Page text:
So a message to the wider world; there are communities that might appear as though nothing happens, that seem to be going nowhere, but as the proverbial saying goes, “Don’t judge a book by its cover!” You may see what you think is a sleepy place where a few people live who don’t do much and you may even assume ignorance is prevalent in such a place, but your assessment couldn’t be further from the truth. Under the facade of indolence is a vibrant community with a diverse assortment of people, personalities, and passions. The beauty in this town is not the external, but the people who come together to support one another and care about one another whether they are of the same stripe politically, ethnically, spiritually, or economically; it’s what makes Guffey, well, Guffey, a place like no other where those who are fortunate call home.

Millie Picker


One good deed deserves another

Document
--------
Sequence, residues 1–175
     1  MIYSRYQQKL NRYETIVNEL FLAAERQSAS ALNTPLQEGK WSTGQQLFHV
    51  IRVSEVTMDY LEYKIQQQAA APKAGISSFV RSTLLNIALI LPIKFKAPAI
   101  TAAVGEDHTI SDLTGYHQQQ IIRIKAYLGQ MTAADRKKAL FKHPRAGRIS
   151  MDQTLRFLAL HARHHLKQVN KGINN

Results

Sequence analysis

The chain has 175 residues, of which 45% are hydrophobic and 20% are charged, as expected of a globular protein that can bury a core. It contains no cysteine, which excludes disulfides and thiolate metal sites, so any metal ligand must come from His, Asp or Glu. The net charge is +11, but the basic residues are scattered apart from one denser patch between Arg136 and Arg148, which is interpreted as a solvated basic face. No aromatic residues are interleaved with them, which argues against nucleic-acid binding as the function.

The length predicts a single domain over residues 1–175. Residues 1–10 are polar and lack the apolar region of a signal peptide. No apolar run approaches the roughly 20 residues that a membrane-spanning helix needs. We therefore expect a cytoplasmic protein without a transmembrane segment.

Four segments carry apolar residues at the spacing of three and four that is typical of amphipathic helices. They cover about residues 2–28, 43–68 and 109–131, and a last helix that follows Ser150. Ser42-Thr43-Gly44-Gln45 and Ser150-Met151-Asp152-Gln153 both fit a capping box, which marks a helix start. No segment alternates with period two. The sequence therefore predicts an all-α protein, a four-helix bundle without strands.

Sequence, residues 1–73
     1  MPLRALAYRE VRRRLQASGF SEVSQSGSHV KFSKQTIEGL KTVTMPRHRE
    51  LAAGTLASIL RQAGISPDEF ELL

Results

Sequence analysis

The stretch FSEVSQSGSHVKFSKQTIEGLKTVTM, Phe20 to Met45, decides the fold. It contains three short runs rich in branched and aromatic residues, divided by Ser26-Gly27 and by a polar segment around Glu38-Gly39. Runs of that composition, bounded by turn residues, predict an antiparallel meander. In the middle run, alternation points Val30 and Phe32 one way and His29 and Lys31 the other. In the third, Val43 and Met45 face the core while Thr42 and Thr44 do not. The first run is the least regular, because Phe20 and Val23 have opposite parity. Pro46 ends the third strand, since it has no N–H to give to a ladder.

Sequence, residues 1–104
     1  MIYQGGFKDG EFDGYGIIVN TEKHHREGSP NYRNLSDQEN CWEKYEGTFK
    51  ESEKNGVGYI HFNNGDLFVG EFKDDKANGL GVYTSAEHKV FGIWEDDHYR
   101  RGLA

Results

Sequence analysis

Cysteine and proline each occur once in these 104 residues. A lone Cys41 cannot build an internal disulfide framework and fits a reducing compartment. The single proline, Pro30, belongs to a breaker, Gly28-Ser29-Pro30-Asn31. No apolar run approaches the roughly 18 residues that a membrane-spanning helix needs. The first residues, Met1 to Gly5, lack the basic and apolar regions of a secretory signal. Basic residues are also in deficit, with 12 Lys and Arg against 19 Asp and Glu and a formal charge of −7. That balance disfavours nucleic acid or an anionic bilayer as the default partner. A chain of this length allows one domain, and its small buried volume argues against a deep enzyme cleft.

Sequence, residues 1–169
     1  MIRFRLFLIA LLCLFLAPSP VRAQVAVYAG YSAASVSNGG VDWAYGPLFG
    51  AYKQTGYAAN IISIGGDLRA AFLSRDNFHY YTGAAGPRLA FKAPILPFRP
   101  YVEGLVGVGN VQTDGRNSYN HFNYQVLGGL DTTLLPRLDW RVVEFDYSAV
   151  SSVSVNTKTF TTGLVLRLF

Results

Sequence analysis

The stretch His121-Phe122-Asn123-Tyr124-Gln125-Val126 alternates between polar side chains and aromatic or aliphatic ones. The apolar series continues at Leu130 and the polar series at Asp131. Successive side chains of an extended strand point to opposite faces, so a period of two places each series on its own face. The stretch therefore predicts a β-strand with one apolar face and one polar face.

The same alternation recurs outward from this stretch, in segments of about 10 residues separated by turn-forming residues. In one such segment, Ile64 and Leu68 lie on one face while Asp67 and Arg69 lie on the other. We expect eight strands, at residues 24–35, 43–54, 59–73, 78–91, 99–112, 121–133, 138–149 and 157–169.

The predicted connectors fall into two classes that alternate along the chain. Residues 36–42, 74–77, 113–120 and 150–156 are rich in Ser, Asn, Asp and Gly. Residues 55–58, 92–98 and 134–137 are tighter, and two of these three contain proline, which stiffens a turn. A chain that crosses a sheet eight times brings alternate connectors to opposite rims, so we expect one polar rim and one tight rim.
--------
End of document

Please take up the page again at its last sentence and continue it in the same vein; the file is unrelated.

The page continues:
Many thanks to the person that found my military men’s bracelet and turned it in to the Walmart at N. Academy/Jamboree on Aug 4. The bracelet was a gift when I retired from the Air Force in 1994. I guess one good deed deserves another. I had seen an older gentlemen try to get into his car but fall backwards onto the parking lot pavement and stones. I parked my car and helped him get on his feet, once I was reasonably sure he had not hurt himself. I helped load his groceries, and he seemed to relax a bit before driving off. I had not noticed the bracelet coming off my wrist until much later.

Thanks again, it was much appreciated.

Randall Kliner

Colorado Springs

Lee was not an ‘overrated general’

David Ramsey’s article of June 16, under the title “Confederate flags fly over the graves of Colorado rebels“ refers to R.E. Lee as an “overrated general” and a “traitor”. There are many scholars and historical figures who would disagree.